Moving swiftly (and it really was swift – there was never a moment without an aircraft in the air!) on to the next section of the display, this time showcasing the aircraft of inter-war Germany. This year, as well as the usual Ju52 and Me108, which are both owned by the Lufthansa Traditionsflug, and Bucker Jungmann aircraft, Legends were also able to attract two Bucker Jungmeister biplanes, which were an unusual addition, and very welcome. The Ju52 is a favourite of the show, hauling its considerable bulk through the air, looking all the while as if it is about to fall out of the sky, rather than fly! Unfortunately the Me108 confined itself to the centre of the airfield, meaning that many photographers at the ends of the field were slightly limited for this display.
Moving to aircraft designed on the other side of the Atlantic, it was time for the American aircraft to take the spotlight; represented this weekend by 5 Mustangs (a combination of 2 P-51s and 3 F-51s), a Curtiss P-40, Boeing B-17 and two Piper L-4s. Opened by the Mustangs, who performed continuous tailchases for the duration of their display (no low or fast flypasts this year, which was the one major downside of the show), whilst the P-40 performed a similar routine as the Spitfire pair from the start of the display. The B-17 as usual was local resident “Sally B”, an airshow favourite at venues all around the UK. She unfortunately suffered from engine problems throughout 2009, but they seem to be behind her now and she is firmly back in the air. Unfortunately, her French counterpart “Pink Lady” has been grounded for the foreseeable future, and so Legends 2009 could well have been her last appearance. As usual, Sally B performed one pass with smoke pouring from one engine, a fitting tribute to a sight that would have been all too common at airbases throughout East Anglia during WW2.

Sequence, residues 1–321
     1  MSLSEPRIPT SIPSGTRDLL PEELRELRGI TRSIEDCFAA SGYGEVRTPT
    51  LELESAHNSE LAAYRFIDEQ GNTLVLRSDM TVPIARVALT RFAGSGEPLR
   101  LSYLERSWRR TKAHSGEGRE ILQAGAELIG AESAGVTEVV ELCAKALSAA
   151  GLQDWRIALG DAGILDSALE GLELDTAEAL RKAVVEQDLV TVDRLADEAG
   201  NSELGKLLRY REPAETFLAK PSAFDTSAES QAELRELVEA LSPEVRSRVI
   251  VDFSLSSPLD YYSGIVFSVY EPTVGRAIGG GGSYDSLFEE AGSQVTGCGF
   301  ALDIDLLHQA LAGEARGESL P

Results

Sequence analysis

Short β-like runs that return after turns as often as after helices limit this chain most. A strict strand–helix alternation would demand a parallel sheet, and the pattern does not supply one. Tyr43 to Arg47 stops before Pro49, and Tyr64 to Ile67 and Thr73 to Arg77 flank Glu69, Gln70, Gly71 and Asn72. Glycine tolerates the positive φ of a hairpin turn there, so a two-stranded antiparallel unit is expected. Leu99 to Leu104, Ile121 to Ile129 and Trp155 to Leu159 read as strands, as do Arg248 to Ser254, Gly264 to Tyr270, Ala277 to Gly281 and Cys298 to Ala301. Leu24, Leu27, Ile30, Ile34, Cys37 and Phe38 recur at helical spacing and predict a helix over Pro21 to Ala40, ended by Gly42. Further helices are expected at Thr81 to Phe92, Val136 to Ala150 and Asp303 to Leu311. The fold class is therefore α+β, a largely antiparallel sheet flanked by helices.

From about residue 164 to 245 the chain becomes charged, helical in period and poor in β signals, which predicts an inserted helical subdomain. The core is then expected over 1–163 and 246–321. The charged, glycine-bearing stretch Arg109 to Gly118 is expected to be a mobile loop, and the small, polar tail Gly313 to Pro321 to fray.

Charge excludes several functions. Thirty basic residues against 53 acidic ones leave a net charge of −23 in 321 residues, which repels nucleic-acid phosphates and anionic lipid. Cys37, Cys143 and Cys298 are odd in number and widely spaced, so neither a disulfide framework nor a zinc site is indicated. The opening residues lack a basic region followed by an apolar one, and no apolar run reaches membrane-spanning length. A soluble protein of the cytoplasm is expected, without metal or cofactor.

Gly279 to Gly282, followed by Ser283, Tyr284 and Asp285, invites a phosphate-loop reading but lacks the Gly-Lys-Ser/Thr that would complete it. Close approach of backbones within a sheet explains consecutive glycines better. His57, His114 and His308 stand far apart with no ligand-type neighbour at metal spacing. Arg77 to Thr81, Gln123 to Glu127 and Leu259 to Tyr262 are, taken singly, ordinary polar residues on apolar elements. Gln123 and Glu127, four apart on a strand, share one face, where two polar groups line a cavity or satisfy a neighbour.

The L-4s deserve a write-up as well, when these fantastic Piper aircraft fly, they could very easily remain on the centre of the display line, such is their manoeuvrability. Used as spotting aircraft during the Second World War, it was reported that there was a greater reward for German pilots who shot down one of these aircraft than for those who shot down a fighter (due to the equipment and maps carried on the L-4, to aid their role of forward observation and artillery direction). Both aircraft present at the weekend were painted in World War 2 colours, complete with invasion stripes, and looked fantastic against the clear blue sky.
More aircraft from another nationality, including one of, if not the star of the show were up next. Aircraft from the Russian aviation industry, represented at Legends this year by two Yak-3Us, a Yak-9UM and, making its UK debut, the Polikarpov I-16 “Rata”. The Yaks are consistent participants, displaying at most recent Legends airshows, but the flying was impeccable as always. Indeed, the Yak-9 performed some truly spectacular passes on the Saturday, but these seemed to be tamed down by the Sunday show (but not too tame, still plenty of tight breaks and low passes).
The I-16 was certainly a highlight of the show, rumbling through the skies, sounding more like an industrial generator than a fighter aircraft! Registered as D-EPRN (Polikarpov Red Nine), and owned by Thomas Julch, this I-16 was constructed in Gorky in 1939-40 and assigned to the 155th Fighter Aviation Regiment. First flight after being purchased by Thomas was on 22nd May 2009, from Lachen-Speyerdorf.
Displaying at Duxford, the Rata kept high, to show off the strange profile of the aircraft (notably the lack of a nose!). On Sunday the display was more ambitious, with one or two low and fast passes, going into a rolling climb at the end of the display line – which was greatly appreciated by the photographers at that end! An interesting point is that on takeoff, the Rata climbs slowly and at a constant power – during which time the pilot is furiously completing the 44 cranks required to raise the undercarriage!
Heading back to the UK for the next batch of participants (any other airshow would have been happy with what had already displayed, but with Duxford, the classics just keep coming!). Up in quick succession were Percival Mew Gull, Arrow Active II, Miles Magister, Westland Lysander, Gloster Gladiator, and from the Hawker stable, the Hind, Nimrod and Demon. Billed as the “Classic British” set, the highlight was a formation of all three Hawker biplanes, something new and original. The Mew Gull could have been a highlight as well, but unfortunately the display consisted purely of circuits, which did not do too much to show off the unique shape of the aircraft.